|Chris Villars: Self Interview 2 (May 2004)||[Home] [Painting Index]|
So you're still painting!
Couldn't bring yourself to kick the habit?
Pathetic, isn't it!
So now you're content to go on producing "more of the same"!?
Yes, but I am trying to avoid being too obviously repetitious!
What about all these "Rothko Windows"?
There are only two series, and they are different - albeit only slightly! Actually, there was also a third series, now abandoned, two paintings from which still survive.
Why do you call them "Rothko Windows"? Why not just "Windows"?
The first series look like Rothkos, don't they? Series 1, number 3, is a stylisation of a specific Rothko: No 203, 1954. Looking at a photo of that painting (in David Anfam's catalogue raisonné of Rothko's paintings, p389) was the inspiration for the series. They are a translation into my style of Rothko's "classic" style of painting. The second series is obviously related to the first and, though less like Rothkos, I kept the name to indicate the connection.
Are the "Rothko Windows" meant to be read as a time series from left to right?
Yes, the individual pictures represent times of day: blue (midday), orange (sunset), black (midnight).
The final white, or, more accurately, black and white, image in both series stands for some kind of idea of transcendence - beyond midnight, transfigured night, something like that.
But why all these windows!?
In a way, all my paintings are windows, only sometimes the frames are not explicitly shown. In a sense, I think all representational painting - all paintings that present a view of something - can be thought of as windows.
What about the plain, or blank, paintings? They're a joke, aren't they?
Yes, I'd like to think that people smile when they see them! They are also an answer to the question, how little can you put into a painting and yet still represent something? I don't think I could put in less!
The white painting represents nothing!
Yes, the point is that it represents nothing. It is not a white painting ŕ la Robert Ryman, where subtle variations in the texture of the painted surface are the aesthetic value to be enjoyed. It's just a picture of nothing. It had to be white. Imagine I painted a plain orange picture and called it "Nothing"! That wouldn't work! I could call it "Sunset", that would be OK - maybe I will paint that one day! - but to call an orange picture "Nothing", that would be very confusing!
Why did you repaint the plain pictures as "Pictures in an Exhibition"?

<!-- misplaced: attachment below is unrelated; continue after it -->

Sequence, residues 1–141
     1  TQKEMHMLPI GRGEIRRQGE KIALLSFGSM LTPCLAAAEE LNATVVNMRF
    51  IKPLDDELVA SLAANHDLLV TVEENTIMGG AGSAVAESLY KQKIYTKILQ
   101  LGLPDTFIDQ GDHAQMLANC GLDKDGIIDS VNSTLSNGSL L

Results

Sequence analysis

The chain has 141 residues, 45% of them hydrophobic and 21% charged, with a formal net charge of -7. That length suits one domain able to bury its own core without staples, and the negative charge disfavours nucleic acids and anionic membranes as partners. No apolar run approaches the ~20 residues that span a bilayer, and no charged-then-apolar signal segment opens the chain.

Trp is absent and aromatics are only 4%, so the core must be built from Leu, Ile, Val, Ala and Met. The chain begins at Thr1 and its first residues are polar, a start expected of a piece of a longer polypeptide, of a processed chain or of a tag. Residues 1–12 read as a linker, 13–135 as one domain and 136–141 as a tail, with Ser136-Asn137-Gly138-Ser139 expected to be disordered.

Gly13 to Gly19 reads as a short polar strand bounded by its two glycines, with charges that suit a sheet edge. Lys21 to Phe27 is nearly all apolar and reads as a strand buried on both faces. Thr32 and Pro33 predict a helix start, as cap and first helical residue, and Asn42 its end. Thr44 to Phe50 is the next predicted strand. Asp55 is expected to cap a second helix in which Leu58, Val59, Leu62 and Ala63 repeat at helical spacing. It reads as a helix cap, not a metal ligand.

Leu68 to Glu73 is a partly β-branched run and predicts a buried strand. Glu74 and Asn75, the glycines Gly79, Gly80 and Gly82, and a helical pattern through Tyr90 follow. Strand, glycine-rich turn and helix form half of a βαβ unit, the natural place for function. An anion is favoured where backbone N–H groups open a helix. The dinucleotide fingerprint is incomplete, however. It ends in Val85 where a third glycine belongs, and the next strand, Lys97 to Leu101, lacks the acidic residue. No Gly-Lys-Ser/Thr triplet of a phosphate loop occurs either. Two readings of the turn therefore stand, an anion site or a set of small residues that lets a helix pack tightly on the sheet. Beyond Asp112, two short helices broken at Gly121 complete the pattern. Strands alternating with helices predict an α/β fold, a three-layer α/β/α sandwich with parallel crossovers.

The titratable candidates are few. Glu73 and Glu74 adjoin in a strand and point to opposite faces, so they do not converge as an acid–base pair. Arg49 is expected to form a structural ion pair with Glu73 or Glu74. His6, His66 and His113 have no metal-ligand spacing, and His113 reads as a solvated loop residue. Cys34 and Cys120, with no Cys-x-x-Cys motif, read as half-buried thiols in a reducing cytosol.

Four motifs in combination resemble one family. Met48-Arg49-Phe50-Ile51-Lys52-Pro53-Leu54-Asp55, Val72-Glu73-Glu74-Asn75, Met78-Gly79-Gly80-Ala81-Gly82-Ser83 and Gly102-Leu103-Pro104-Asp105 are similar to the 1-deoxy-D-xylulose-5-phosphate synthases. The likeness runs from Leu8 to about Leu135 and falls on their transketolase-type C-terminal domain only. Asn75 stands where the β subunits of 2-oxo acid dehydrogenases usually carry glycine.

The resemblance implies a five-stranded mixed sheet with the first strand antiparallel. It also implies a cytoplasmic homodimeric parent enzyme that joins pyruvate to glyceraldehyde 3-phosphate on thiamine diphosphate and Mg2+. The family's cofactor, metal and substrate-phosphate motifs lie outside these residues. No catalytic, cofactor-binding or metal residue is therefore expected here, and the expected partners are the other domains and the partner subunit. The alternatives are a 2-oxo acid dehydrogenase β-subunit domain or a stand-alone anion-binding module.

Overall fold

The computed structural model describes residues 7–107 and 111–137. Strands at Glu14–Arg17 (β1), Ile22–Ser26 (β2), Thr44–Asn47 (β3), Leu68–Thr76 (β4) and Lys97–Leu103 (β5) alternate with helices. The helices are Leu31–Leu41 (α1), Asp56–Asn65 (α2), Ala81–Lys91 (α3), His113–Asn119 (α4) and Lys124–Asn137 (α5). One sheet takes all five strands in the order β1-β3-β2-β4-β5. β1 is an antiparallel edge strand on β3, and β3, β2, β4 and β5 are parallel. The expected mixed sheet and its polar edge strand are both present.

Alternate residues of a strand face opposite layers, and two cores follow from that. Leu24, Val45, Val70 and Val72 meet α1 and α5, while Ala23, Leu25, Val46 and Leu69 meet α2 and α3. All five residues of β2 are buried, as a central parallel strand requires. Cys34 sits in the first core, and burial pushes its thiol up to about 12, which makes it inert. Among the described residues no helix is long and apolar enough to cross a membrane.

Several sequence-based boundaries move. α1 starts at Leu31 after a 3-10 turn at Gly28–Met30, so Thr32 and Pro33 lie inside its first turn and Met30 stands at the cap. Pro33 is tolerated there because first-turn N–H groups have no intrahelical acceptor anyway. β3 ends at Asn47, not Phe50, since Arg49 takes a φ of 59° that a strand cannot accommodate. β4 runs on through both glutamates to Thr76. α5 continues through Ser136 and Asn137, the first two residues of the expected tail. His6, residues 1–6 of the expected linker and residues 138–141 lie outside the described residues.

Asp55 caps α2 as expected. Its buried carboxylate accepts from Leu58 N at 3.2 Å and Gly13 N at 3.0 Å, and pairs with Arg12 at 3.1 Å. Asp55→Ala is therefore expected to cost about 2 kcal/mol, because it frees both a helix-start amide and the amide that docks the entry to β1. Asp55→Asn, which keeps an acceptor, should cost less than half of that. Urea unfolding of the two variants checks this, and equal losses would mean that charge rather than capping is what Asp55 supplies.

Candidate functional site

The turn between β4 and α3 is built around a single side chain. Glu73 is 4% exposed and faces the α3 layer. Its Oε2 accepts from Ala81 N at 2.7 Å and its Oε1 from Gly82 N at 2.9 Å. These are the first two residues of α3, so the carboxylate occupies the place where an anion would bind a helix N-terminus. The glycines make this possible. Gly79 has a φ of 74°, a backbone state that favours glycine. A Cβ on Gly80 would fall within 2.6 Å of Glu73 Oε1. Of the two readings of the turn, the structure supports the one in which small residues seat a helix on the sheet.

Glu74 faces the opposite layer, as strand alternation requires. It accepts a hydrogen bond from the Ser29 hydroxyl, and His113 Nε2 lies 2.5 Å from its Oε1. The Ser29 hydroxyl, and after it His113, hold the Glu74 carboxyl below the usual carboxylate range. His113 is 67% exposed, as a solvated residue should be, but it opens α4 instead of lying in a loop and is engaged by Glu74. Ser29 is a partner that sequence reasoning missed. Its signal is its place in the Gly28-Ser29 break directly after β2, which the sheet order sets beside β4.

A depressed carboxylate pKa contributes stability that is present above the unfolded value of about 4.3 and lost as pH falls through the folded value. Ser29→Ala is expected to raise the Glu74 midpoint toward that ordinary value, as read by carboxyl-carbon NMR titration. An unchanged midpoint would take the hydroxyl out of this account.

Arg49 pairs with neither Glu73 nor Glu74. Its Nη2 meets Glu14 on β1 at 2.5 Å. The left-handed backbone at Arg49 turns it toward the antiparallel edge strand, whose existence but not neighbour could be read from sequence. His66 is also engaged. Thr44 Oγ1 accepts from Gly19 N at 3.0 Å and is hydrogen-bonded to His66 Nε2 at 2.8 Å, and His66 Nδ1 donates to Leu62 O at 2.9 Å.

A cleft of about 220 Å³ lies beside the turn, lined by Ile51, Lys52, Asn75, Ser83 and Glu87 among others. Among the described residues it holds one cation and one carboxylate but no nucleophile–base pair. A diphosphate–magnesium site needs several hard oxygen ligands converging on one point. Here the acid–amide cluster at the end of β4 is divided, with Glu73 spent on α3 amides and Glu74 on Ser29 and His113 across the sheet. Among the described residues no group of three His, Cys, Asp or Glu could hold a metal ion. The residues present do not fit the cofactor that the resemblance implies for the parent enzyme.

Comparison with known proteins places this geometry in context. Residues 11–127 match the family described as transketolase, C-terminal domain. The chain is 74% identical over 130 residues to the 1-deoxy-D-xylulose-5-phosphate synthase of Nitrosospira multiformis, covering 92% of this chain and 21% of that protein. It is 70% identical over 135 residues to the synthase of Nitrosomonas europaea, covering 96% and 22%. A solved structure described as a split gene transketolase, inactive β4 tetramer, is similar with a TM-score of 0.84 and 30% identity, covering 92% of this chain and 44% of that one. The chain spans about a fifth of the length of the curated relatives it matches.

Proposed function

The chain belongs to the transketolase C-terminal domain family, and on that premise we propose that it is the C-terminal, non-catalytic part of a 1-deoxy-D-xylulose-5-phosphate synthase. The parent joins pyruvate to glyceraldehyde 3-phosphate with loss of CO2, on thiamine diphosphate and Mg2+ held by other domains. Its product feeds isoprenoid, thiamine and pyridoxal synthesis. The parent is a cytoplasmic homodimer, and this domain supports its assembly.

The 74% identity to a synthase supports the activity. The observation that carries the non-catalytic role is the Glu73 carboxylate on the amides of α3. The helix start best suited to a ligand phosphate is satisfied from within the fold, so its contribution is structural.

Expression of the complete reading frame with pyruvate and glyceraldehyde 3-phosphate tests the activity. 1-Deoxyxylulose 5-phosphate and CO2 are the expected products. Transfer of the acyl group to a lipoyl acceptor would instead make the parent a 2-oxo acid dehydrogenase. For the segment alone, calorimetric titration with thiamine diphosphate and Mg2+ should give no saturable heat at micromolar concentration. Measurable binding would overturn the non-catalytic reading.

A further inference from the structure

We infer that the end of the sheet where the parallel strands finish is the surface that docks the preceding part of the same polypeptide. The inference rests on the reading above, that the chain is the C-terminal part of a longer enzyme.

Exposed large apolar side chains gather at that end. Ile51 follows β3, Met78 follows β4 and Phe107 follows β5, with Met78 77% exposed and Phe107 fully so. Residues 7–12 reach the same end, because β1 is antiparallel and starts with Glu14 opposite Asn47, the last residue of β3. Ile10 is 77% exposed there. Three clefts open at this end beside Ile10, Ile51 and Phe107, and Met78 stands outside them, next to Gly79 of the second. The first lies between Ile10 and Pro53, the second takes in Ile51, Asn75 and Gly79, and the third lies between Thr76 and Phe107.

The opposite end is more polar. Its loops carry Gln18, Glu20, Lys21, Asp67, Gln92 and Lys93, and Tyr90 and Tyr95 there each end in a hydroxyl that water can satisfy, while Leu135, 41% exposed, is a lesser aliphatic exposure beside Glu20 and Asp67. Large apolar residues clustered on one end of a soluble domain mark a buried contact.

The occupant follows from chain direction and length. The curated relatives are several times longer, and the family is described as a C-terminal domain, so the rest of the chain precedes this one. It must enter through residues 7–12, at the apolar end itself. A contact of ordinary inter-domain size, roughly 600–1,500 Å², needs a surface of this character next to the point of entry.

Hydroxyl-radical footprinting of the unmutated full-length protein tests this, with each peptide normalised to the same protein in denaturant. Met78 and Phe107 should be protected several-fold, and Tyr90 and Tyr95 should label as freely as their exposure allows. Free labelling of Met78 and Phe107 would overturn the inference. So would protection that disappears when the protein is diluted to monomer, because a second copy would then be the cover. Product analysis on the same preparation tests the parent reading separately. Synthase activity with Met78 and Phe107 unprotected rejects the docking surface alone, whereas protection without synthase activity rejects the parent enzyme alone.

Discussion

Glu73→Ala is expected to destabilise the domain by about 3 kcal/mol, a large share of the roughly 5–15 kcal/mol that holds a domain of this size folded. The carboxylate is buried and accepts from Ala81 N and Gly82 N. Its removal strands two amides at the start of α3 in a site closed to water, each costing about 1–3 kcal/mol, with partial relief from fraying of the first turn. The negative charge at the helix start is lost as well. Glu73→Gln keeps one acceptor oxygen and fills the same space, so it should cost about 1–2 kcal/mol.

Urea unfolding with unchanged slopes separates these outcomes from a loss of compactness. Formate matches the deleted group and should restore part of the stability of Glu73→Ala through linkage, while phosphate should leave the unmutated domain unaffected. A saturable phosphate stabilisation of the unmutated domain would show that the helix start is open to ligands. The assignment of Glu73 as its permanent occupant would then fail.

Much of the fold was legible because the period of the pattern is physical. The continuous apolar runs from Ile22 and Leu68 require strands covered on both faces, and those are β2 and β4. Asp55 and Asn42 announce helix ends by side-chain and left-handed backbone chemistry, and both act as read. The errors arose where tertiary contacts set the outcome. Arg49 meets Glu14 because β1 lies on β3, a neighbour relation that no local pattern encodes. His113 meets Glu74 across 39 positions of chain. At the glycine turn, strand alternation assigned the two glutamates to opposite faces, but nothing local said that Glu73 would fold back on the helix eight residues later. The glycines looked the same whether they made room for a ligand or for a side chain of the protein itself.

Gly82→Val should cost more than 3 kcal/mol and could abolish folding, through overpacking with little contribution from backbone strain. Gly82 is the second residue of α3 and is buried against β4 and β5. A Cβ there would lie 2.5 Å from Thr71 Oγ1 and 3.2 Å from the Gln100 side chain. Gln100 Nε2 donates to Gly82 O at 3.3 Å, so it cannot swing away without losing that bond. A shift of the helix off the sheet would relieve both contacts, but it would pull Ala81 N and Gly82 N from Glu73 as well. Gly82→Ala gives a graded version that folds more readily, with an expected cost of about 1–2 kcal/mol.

It came about like this: My friend Paul Flapper lives in Tilburg, Netherlands, where there's a big contemporary art gallery called "De Pont". When Paul saw the blank pictures he wrote me saying he knew just the place in that gallery where they would look great. That remark inspired "Pictures in an Exhibition". I thought, there's no chance that they'll actually be exhibited there, so I'll just have to exhibit them myself!
And the "Tulips"?
Mondrian says somewhere something to the effect that he was interested in painting the essence of a single flower. With that remark in mind, I'd been considering for a long time how to paint a single flower in my style. One day I saw this wonderful single poppy in the garden, brilliant red over green, and that inspired the red picture. Thinking of Mondrian, I called it "Red Tulip". Originally the yellow and white "Tulips" were called "Daffodil" and "Snowdrop", but since there were no formal differences between them, I decided they must be the same flower! So they became "3 Tulips". Tulips come in all those colours, don't they?
Don't you think they're rather pointless pictures?
One point is, they seem to me to be the minimal way to represent a flower in my style - the flower-head and the stalk, flower-colour over green. I don't think I could take anything away and still legitimately see them as flowers.
What are you painting now?
Another tulip! A pink one! One of many that came up in my front garden from bulbs my wife bought in Utrecht when we visited there a few years ago.
I thought you were trying to avoid repetition!
I think this is the last one! I'm calling it "Another Tulip" to convey an awareness of that sense of wearisome - but apparently unavoidable! - repetition.
And what of the future?
That question again! I'd better not say this time that I'm thinking of stopping!
I wouldn't believe you if you did!
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